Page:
However, the current and future burden and opportunities of this phenomenon will fall differently in different countries.
The “old-age dependency ratio” – the proportion of older people compared to people of working age – will rise sharply in all countries. Globally, Japan already has the highest ratio of all nations: 38 older people aged 65 and over per 100 persons of working age, with the ratio predicted to reach 74 in 2050 (according to the European Commission, 2010). Australia’s age dependency ratio is 22 in 2010 and is predicted to reach 41 in 2050.
The ratio of old-age dependency in China was 13 in 2010, and is predicted to reach 39 in 2050. But this is not the only reason why that country will be particularly affected by the ageing of its population. In addition:
- China has the largest absolute number of older people globally. The number of people aged over 60 reached 165 million in 2011 and this number is growing strongly.
- The rate of ageing is accelerating, and growth in older people within China is three times the rate of the overall national population increase. (This dynamic growth is in no small measure due to China’s very effective population growth strategy, especially the “one child” policy, which has resulted in major changes to its demography.)
- In China, the proportion of people aged 65 years or over has doubled in 30 years. This same change took 70 years in the USA and 130 years in France.
- Currently 13 per cent of the total Chinese population is aged 60 years and above (China population census and population statistics), with 8.2 per cent aged 65 years and above.
- China will experience the increase in ageing of its population well in advance of the levels of economic prosperity reached in developed countries that have had the same change. In such countries GDP per capita is much higher than in China.
China – and other countries significantly affected by ageing populations – will need an income and social support system, a health system and many other government policies and services that are able to handle these momentous changes.
We know that in China, and in all countries for that matter, older people use health services at a greater rate and incur higher health care costs than younger people. The growing rates of chronic illness globally have been described as a building “tsunami” for which all governments and societies will need to prepare.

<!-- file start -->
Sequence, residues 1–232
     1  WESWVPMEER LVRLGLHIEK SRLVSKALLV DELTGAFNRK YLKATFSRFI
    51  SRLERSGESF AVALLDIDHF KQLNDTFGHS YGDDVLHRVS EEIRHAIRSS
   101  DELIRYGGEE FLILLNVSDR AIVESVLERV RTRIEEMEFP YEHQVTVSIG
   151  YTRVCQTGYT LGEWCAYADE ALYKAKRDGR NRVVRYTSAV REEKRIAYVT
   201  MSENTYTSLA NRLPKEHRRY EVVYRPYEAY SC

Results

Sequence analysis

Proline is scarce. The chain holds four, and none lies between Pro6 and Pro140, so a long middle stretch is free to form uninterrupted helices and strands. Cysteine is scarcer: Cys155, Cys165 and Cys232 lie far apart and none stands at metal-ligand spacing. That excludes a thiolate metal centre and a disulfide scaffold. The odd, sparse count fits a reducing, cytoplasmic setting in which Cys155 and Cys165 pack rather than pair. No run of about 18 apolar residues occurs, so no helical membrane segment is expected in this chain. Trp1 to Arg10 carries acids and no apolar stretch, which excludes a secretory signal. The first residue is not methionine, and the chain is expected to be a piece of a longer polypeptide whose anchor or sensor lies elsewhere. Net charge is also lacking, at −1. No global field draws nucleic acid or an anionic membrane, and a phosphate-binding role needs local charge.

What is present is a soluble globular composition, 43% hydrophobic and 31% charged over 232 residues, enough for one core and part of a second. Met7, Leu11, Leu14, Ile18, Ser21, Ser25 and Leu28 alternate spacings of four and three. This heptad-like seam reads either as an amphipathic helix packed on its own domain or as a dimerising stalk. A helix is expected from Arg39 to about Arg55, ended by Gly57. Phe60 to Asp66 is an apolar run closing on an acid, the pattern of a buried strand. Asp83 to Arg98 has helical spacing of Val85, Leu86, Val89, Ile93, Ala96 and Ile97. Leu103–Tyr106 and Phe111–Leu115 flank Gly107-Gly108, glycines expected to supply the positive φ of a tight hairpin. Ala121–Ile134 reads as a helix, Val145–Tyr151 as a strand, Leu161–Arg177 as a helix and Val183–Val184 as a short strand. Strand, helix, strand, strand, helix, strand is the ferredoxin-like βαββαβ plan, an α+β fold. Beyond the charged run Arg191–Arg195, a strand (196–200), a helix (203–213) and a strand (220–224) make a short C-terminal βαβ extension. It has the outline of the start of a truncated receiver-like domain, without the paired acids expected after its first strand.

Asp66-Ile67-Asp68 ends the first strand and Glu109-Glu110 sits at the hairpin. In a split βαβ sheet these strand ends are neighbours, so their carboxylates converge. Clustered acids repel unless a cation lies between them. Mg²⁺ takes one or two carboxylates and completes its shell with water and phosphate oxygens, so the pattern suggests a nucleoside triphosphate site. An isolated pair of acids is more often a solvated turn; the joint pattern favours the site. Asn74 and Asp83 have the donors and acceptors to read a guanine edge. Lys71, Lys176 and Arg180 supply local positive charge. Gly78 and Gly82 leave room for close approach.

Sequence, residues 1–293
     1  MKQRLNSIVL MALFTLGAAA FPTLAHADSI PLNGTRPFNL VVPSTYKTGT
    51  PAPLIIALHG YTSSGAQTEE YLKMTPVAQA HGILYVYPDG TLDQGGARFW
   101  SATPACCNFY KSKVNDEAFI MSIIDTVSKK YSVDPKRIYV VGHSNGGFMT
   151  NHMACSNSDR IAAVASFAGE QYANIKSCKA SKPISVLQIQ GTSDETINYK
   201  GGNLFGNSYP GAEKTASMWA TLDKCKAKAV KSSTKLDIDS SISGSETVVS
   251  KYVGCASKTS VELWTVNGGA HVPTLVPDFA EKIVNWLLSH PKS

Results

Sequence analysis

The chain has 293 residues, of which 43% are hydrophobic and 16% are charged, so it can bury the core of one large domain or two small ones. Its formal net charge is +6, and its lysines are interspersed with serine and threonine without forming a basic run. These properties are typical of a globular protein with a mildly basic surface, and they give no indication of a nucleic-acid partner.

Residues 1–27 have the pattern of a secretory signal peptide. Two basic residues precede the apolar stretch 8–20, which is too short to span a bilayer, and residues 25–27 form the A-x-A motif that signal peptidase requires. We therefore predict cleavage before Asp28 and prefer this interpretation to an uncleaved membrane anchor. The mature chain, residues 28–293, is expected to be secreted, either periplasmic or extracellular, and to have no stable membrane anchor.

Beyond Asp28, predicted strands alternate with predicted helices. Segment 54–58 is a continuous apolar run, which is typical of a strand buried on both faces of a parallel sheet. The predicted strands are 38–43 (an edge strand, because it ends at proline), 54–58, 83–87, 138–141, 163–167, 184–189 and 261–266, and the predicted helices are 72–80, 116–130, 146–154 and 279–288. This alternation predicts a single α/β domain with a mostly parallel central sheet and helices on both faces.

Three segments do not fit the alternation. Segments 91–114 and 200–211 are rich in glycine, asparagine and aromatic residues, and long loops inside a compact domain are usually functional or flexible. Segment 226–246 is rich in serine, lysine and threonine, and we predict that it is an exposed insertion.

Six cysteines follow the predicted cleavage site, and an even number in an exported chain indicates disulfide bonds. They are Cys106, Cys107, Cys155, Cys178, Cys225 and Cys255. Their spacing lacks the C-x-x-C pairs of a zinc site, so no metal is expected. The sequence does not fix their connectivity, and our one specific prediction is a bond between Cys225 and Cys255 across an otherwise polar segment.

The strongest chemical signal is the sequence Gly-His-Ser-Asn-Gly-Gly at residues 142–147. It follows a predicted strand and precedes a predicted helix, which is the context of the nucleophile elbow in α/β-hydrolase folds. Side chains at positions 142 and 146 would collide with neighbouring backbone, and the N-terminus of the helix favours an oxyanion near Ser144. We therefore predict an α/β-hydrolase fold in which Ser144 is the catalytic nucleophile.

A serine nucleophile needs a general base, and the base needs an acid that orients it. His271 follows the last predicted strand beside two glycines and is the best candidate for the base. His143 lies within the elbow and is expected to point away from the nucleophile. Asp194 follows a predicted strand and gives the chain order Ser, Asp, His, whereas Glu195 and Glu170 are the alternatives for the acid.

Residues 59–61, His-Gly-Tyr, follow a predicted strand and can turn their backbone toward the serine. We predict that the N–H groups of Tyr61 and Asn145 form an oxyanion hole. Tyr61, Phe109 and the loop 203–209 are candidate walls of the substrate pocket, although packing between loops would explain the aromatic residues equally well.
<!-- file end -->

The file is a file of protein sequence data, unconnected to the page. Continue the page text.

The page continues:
If we do not change our approaches there may well be significant negative consequences. But with appropriate action the tsunami can be turned into a much smaller wave. When one examines the patterns of illness that may confront ageing populations, one can see that many are changeable. Mature onset diabetes, for example, is avoidable and can even be reversed with appropriate diet, exercise and social support regimens.
The Happy Life Club project is an example of such a social support approach. I am leading this project with my colleague Professor Tuohong Zhang from Peking University and my colleagues Dr Yang Hui and Professor Shane Thomas from Monash and the Fengtai District government, Beijing.
The Happy Life Club is a chronic illness management system based upon earlier Australian work conducted by us and our colleagues. The club trains doctors and nurses to change the behaviour of people with diabetes, and other chronic conditions such as heart disease, through the use of motivational interviewing techniques.
Initially the Happy Life Club intervention was conducted in Fangzhuang, a large residential area of Beijing. The program has now extended to the larger Fengtai district of Beijing with plans for further extension to other Chinese cities and other sites, including Malaysia.
Our large-scale research shows that the approach is highly effective. We are currently conducting the Chinese economic modeling, but the Australian modeling showed a net benefit of AUD $16,000 per annum for each participant due to improved health and lower use of services. Effective, targeted and proven prevention can save China (and other countries) a great deal of money and result in much higher quality of life for older people.
Our focus needs to change from curing disease once it has occurred, to preventing it and focussing on the quality of life for older people. We need to concentrate on how they may contribute to, rather than detract from, the prosperity of our society.
In China older people are much more highly respected than in Australia. While China has things to learn from us (and particularly our technology) we also have many things to learn from them.
Professor Colette Browning is Professor of Healthy Ageing at Monash University and Chair of Monash Research for an Ageing Society. Professor Browning is one of 9 Australians out of 251 foreigners since 1984 who have been awarded a prestigious Honorary Professorship at Peking University Health Sciences Centre in recognition of her work in Healthy Ageing.